President Obama said the United States will redouble its cooperation with Uganda and other African Union members against the Somali terror group al-Shabaab to try to ensure that it and similar organizations “are not able to kill Africans with impunity.”
Speaking with the South African Broadcasting Corporation at the White House July 13, Obama said he had conveyed to Ugandan President Yoweri Museveni the condolences of the American people for the July 11 attacks that killed more than 70 who had gathered at locations in Kampala to watch the World Cup final. Obama also told Museveni that the United States will support a thorough investigation into the attacks, for which al-Shabaab has claimed credit.
Obama said it was “tragic and ironic” that the attacks took place during South Africa’s hosting of the World Cup, which had offered “a terrific showcase … for Africa as a whole” by refuting negative stereotypes of African capacity and demonstrating that “when given an opportunity, Africa is a continent full of leaders, entrepreneurs, [and] governments that can operate effectively.”
“On the one hand, you have a vision of an Africa on the move, an Africa that is unified, an Africa that is modernizing and creating opportunities; and on the other hand, you’ve got a vision of al-Qaida and al-Shabaab that is about destruction and death,” Obama said. “I think it presents a pretty clear contrast in terms of the future that most Africans want for themselves and their children.”
The international community needs to “support those who want to build, as opposed to want to destroy,” he said. And as Somalia’s Transitional Federal Government continues to try to establish itself, he said, African Union peacekeeping forces should work with Somali authorities to “try to stabilize the situation and start putting that country on a pathway that provides opportunity for people, as opposed to creating a breeding ground for terrorism” that could export more violence beyond Somalia’s borders if al-Shabaab gains more control within the country.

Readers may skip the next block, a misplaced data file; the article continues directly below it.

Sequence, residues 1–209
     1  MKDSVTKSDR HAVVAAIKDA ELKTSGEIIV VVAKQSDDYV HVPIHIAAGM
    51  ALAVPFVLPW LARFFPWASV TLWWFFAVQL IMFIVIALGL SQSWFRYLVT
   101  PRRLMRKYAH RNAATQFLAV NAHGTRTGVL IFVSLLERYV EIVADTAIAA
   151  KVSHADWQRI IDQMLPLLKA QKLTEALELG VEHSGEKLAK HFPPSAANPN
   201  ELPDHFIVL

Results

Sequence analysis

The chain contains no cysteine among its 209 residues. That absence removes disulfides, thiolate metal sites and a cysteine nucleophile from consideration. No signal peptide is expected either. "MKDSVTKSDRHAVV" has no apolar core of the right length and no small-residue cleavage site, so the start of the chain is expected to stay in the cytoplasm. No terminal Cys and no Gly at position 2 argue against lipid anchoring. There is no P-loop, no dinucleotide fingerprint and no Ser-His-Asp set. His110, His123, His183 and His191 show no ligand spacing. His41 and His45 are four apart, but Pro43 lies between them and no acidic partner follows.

Obama said statements by terror organizations show that “they do not regard African life as valuable in and of itself. They see it as a potential place where you can carry out ideological battles that kill innocents without regard to long-term consequences for their short-term tactical gains.”
For that reason, he said, it is important that even as the international community deals militarily with al Shabaab and other violent extremists, it must also promote development, entrepreneurship, democracy and human freedoms and build upon the models of countries like South Africa that “are trying to move in the right direction” and empower their citizens to improve their lives. “Hopefully, the United States can be an effective partner in that,” the president said.
Obama referred to his July 2009 speech in Ghana, where he said the United States can partner with African nations, “but ultimately, on whether it’s issues of eliminating corruption, ensuring smooth transitions of democratic governments, making sure that businesses are able to thrive and prosper and that markets are working for the smallest farmer and not just the most well-connected person — those are issues that Africans can work on together.”
The United States wants to provide resources to Africa but wants to partner with Africans “who are interested in growing their own capacity over time and not having a long-term dependency on foreign aid,” the president said.
Obama said former South African President Nelson Mandela has provided a path to understand “the standards of leadership that are needed” on the continent and expressed confidence that those standards could be met. Mandela is “not just a national treasure” for South Africa, “but a world treasure,” he said.
“We are constantly reminded that his legacy of seeing every person as important, and not making distinctions based on race or class but the degree to which they are people of character — that’s a good guidepost for how all of us should operate as leaders,” Obama said.